Influence of molecular features on the tackiness of acrylic polymer melts

H. Lakrout, C. Creton*, D. Ahn, Kenneth R Shull

*Corresponding author for this work

Research output: Contribution to journalArticlepeer-review

101 Scopus citations

Abstract

The effects of molecular weight and acrylic acid content on the adhesive properties of a series of monodisperse poly(n-butyl acrylate) materials have been investigated. The short-time adhesion, or "tackiness", of these model pressure-sensitive adhesives was quantified by performing probe-tack experiments. These experiments consist of a bonding phase, where a flat punch is brought into contact with a PnBA layer, and a subsequent debonding phase, where the probe is pulled away from the surface. The debonding process was separated into three distinct deformation mechanisms: (1) the appearance of cavities throughout the adhesive layer; (2) lateral growth of these cavities within the plane of the adhesive layer; (3) the formation and eventual failure of a fibrillar structure as the adhesive is extended in the direction of the applied tensile load. Cavitation depends primarily on the elastic character of the adhesive, hut the lateral cavity growth and extensional mechanisms are strongly affected by the ability of the adhesive to flow during the time scale of the experiment. The nature of these processes was determined by an effective Deborah number, defined as the terminal relaxation time of the polymer multiplied by the initial strain rate imposed during the debonding process.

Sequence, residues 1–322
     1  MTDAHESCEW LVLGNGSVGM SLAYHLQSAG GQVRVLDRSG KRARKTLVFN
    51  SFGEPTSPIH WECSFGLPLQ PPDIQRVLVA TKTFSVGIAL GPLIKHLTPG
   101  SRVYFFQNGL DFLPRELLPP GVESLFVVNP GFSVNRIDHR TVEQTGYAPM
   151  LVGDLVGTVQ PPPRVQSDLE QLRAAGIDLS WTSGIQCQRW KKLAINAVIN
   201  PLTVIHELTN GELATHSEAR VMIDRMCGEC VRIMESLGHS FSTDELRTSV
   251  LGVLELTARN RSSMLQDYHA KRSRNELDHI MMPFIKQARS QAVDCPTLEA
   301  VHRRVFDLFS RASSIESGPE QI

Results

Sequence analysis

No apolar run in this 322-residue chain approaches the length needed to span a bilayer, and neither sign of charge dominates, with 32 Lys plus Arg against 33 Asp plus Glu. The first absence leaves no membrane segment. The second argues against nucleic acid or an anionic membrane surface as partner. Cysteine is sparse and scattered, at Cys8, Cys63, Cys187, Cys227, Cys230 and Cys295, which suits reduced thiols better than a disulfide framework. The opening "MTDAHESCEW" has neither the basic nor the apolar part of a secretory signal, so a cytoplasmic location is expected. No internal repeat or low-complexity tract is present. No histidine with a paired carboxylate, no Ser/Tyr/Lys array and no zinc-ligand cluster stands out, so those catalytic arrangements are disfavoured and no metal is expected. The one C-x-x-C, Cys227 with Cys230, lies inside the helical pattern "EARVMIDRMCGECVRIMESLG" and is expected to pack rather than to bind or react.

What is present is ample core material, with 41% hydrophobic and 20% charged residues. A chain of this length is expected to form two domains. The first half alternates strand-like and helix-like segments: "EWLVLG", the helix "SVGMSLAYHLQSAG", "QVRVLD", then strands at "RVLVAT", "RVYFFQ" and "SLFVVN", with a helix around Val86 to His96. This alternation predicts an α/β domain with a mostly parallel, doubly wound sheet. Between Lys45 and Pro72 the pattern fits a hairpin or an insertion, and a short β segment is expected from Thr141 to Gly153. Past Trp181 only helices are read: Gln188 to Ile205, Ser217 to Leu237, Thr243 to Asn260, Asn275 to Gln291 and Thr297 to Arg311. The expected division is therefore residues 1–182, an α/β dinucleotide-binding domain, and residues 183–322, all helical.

Original languageEnglish (US)
Pages (from-to)7448-7458
Number of pages11
JournalMacromolecules
Volume34
Issue number21
DOIs
StatePublished - Oct 9 2001

ASJC Scopus subject areas

  • Organic Chemistry
  • Polymers and Plastics
  • Inorganic Chemistry
  • Materials Chemistry

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